I have had several emails asking me about a picture I posted a few weeks ago, sharing one of the photos from Bill's accident. Since I did not say what happened, and have not in many months or even year on this blog, I thought I would share what happened that placed us on the path that we are on, living a humble, simple life on the farm.
On January 1, 2005 until around 9 pm, I was a content wife of a law enforcement officer. Life was wonderful, we had great pay, great benefits, and I never thought about not being able to afford anything. As to medical and dental insurance, we had top of the line.
Bill had worked New Year's eve, as you can imagine, it is a busy night for law enforcement. Then he was called out early the next morn, getting only an hour or so sleep. He then worked the entire day, here and there, fielding calls. It had snowed that night and he was up in the mountains working although we lived on the southern end of the county. The kids and I spent New Year's with a bunch of teen age boys basically chaos of kids. Bill spent the night up north, as that was where the bars were. When he did end up taking that hour or so to sleep, he went to my brothers house to sleep. That is the life of a law enforcement family, long hours, which we worked around.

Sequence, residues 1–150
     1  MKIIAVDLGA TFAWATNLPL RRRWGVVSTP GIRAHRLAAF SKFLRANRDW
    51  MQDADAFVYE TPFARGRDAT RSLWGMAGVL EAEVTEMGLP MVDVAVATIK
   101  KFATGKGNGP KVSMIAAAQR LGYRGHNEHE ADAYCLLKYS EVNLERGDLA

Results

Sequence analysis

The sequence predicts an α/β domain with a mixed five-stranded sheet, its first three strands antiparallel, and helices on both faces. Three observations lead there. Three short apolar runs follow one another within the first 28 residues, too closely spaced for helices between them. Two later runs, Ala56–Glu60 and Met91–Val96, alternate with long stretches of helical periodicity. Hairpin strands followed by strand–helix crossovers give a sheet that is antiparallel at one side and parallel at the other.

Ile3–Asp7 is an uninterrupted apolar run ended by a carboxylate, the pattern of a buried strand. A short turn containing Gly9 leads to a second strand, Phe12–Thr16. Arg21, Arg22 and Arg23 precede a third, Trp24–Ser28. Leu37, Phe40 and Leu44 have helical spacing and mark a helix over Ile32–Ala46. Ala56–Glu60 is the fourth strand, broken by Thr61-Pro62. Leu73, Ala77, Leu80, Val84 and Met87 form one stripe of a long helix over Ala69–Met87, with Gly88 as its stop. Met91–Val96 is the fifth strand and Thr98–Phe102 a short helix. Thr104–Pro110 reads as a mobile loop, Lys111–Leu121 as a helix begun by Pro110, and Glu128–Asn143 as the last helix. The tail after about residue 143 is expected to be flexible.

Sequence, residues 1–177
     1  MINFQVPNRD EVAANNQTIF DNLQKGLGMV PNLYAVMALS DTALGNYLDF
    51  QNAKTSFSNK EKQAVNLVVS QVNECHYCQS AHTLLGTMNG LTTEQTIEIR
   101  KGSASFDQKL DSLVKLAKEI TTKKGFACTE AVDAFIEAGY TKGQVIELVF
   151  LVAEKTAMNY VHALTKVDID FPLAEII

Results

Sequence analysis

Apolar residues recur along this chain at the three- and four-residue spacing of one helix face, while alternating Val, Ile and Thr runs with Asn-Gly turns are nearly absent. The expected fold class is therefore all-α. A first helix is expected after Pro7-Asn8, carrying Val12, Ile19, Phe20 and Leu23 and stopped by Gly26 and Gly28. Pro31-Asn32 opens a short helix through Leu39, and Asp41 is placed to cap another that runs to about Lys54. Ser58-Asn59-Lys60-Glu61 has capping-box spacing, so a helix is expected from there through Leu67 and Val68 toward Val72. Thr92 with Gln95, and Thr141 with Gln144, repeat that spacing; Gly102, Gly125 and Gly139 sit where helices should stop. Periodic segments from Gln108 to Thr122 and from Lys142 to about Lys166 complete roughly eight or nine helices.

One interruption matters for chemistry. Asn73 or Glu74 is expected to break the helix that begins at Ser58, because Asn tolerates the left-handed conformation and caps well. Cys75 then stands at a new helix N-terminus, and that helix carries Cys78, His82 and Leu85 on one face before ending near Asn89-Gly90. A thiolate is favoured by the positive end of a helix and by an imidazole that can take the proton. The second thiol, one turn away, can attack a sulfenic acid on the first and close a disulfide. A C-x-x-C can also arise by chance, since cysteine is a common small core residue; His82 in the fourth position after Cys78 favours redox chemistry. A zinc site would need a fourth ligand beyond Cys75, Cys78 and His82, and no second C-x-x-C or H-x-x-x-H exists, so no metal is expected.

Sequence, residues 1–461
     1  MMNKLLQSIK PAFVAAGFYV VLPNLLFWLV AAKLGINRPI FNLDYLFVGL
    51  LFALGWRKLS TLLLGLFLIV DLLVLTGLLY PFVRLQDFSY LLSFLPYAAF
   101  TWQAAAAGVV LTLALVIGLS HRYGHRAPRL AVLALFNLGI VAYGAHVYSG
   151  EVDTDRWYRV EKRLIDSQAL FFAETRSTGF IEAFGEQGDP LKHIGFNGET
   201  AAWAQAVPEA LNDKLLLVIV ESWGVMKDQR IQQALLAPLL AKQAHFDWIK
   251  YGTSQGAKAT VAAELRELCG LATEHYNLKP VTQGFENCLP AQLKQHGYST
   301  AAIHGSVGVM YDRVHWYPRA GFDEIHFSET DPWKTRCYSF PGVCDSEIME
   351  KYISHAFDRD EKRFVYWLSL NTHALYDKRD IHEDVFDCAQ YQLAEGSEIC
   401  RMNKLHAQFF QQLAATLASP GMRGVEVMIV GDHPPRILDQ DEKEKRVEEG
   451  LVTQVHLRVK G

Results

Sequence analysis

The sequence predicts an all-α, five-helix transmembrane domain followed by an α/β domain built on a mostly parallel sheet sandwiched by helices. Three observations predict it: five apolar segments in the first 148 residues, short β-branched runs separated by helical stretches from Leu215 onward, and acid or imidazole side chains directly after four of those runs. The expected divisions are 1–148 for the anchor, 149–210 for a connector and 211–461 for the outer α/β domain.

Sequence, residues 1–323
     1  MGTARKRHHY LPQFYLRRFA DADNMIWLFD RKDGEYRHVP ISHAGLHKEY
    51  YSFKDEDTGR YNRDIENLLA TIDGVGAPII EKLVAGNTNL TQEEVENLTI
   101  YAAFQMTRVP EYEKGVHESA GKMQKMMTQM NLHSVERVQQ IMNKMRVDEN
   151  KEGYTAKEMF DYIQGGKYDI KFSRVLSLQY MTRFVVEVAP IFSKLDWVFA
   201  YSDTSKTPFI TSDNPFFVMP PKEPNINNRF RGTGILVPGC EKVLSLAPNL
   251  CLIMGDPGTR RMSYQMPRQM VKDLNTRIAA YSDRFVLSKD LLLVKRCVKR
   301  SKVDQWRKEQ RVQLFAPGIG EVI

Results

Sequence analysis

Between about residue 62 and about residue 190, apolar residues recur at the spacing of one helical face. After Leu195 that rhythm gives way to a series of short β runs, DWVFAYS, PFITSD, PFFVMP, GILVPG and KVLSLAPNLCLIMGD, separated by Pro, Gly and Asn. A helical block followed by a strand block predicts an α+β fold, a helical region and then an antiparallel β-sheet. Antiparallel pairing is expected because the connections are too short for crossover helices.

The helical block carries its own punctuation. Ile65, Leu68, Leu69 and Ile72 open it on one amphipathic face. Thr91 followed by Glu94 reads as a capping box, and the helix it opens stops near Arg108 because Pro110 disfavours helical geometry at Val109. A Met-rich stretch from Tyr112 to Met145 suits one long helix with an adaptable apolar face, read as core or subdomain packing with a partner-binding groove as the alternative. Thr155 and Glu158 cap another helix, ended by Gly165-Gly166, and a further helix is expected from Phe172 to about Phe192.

Bill called me around 5 pm or so and told me he was heading home. Around 7 pm he was not home, but I did not worry as things happen that cause delays. By 8 pm I had the younger three kids in bed as they were exhausted. My oldest was 15 and opted to stay up with me and get the house back in order. He was finishing dishes when a knock on the door startled us both. I opened the door and it was an older woman, the wife of a county commissioner who I knew, but did not really know. I had said hello to her, but had never had any real conversations. Anyhow, she just walked past me plopped herself on my couch, without saying anything to me. As Bill was the resident officer of the town, we were used to locals coming directly to the house to have their issues resolved. That is the way it is in small towns. So I offered her a glass of water and waited. She still would not speak, so I assumed it must have been a doozy of a fight she had with her husband and she was cooling off.